What Is Theory of Price? Definition In Economics and Example

What Is the Theory of Price?

The theory of price is an economic theory that states that the price for a specific good or service is determined by the relationship between its supply and demand at any given point. Prices should rise if demand exceeds supply and fall if supply exceeds demand.

Key Takeaways

  • The theory of price is an economic theory that states that the price for any good or service is based on the relationship between its supply and demand.
  • The optimal market price is the point at which the total number of items available can be reasonably consumed by potential customers.
  • When supply and demand are in sync, the market is said to have achieved equilibrium.
  • Supply may also be affected by factors such as the availability of raw materials; demand may fluctuate depending on competitor products, an item's perceived value, or its affordability to the consumer market.

Understanding the Theory of Price

The theory of price—also referred to as "price theory"—is a microeconomic principle that says the market forces of supply and demand will determine the logical price point for a particular good or service at any given time.

In a free market economy, producers typically want to charge as much as they reasonably can for their goods and services, while consumers want to pay as little as they can to obtain them. Market forces will cause the two sides to meet somewhere in the middle, at a price consumers are willing to pay and that producers are willing to accept.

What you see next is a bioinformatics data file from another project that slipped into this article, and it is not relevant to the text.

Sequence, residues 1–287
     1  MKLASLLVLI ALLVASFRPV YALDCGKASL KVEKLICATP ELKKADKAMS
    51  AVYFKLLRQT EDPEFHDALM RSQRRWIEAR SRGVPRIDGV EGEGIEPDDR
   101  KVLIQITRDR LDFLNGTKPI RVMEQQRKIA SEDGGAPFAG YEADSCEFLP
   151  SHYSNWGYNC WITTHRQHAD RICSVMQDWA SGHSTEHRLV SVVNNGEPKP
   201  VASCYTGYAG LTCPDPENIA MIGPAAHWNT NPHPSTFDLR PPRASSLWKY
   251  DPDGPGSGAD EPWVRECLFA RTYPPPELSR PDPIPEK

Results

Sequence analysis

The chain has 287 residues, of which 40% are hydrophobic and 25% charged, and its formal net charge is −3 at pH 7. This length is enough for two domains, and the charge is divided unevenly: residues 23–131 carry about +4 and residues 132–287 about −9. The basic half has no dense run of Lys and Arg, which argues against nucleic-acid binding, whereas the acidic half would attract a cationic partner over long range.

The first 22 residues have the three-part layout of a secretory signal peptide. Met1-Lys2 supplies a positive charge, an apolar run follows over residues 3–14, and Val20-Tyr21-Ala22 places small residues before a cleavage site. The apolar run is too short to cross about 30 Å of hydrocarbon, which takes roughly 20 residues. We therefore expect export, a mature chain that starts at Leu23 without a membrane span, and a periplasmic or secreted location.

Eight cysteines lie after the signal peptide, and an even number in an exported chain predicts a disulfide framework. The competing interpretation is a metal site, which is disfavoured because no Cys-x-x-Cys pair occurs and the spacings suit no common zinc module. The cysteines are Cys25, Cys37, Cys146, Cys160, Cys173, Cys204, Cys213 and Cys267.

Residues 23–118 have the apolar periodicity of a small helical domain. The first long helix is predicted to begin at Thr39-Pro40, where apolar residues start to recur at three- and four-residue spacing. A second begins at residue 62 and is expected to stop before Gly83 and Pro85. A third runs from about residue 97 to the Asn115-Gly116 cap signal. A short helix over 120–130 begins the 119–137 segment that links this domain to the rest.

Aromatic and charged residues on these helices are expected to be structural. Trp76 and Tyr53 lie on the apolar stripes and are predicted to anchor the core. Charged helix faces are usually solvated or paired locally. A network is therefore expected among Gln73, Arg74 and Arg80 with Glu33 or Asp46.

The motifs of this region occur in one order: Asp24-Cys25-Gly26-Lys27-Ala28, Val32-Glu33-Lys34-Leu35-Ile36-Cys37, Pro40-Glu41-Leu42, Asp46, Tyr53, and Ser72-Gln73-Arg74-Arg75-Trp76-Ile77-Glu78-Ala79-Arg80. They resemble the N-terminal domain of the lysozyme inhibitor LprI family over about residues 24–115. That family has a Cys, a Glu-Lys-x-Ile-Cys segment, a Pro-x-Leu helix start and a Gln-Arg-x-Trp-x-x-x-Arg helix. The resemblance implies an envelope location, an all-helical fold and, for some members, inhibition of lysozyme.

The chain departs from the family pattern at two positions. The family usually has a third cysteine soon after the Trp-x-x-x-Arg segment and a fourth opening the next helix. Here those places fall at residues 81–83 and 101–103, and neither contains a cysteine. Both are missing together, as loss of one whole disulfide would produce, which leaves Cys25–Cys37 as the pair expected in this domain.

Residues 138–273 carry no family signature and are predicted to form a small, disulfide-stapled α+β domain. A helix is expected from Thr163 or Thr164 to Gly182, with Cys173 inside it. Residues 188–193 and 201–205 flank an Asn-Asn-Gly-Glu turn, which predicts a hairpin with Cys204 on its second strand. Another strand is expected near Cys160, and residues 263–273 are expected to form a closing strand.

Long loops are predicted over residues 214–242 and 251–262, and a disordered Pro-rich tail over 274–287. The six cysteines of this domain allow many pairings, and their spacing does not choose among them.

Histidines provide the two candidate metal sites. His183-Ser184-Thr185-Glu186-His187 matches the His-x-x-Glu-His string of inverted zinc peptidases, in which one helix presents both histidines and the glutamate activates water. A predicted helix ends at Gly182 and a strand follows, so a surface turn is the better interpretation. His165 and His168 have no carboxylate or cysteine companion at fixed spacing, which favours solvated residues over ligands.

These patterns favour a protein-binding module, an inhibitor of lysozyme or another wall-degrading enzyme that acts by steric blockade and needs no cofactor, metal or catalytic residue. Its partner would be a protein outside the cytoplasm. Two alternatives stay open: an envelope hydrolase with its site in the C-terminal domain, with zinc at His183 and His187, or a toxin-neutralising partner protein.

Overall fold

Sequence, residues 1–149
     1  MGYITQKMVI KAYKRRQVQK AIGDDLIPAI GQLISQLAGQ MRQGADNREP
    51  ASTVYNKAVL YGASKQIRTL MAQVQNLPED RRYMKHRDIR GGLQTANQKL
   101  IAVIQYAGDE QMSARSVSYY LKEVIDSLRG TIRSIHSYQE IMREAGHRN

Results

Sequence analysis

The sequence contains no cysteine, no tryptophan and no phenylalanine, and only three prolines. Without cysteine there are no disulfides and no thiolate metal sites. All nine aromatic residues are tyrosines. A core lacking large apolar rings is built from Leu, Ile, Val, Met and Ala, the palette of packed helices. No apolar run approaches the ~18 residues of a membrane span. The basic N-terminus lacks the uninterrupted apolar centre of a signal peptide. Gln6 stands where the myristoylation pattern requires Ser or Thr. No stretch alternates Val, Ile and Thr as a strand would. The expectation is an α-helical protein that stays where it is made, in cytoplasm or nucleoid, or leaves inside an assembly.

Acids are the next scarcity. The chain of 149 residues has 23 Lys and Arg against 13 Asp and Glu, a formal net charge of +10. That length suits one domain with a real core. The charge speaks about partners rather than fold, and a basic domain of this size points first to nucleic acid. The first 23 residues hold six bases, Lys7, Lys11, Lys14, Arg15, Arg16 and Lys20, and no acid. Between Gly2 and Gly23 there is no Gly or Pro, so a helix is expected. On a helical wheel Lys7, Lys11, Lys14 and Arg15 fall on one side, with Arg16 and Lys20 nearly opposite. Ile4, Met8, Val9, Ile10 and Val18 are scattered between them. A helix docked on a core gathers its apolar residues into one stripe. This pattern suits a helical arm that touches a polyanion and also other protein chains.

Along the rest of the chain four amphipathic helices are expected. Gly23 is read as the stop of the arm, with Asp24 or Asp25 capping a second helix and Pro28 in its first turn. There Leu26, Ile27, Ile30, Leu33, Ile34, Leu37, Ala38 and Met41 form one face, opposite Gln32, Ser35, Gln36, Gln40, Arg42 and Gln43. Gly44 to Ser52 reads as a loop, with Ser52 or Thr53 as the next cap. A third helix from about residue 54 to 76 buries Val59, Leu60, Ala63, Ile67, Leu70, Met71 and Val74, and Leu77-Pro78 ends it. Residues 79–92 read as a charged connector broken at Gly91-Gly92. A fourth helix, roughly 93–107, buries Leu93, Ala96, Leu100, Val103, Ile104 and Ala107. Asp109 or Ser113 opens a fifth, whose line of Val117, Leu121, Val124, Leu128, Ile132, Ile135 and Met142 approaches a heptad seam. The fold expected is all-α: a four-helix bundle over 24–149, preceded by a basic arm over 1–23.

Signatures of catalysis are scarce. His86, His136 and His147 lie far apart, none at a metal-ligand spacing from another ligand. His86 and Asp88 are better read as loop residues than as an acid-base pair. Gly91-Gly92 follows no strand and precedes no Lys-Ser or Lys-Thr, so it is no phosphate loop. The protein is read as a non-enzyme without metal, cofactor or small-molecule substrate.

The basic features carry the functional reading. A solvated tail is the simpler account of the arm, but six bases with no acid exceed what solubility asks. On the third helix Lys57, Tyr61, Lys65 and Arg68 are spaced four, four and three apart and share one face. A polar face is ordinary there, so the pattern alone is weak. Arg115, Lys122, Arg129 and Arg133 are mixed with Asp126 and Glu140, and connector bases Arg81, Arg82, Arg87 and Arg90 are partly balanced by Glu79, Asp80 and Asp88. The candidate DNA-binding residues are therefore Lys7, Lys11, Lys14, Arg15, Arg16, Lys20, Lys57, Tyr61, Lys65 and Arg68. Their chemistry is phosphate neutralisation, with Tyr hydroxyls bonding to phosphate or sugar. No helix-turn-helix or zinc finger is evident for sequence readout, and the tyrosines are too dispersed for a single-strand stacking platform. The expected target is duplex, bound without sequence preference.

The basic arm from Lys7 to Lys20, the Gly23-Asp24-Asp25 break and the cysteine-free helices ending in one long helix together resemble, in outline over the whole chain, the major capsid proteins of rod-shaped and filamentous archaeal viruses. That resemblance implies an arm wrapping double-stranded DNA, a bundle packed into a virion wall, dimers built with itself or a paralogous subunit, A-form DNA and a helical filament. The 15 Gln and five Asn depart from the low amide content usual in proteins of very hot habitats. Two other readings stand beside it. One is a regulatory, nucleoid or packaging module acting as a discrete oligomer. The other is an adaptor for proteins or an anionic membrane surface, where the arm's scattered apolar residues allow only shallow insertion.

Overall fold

When the quantity of a good or service that's available matches the demand of potential consumers for it, the market is said to achieve equilibrium. The concept of price theory allows for price adjustments as market conditions change.

Relationship of Supply and Demand to Price Theory

Supply denotes the number of products or services that the market can provide. This includes both tangible goods, such as automobiles, and intangible ones, such as the ability to make an appointment with a skilled service provider. In each instance, the available supply is finite in nature. There are only a certain number of automobiles available and only a certain number of appointments available at any given time.

Supply may be affected by forces that are beyond a producer's control, such as the availability of raw materials.

Demand applies to the market's desire for tangible or intangible goods. At any time, there is also only a finite number of potential consumers available. Demand may fluctuate depending on a variety of factors, such as whether an improved version of a product is available or if a service is no longer needed. Demand can also be affected by an item's perceived value by the consumer market.

As mentioned earlier, equilibrium occurs when the total number of items available—the supply—can be consumed by potential customers. If a price is too high, customers may avoid the goods or services or find other alternatives. This would result in excess supply and possibly cause producers to lower prices.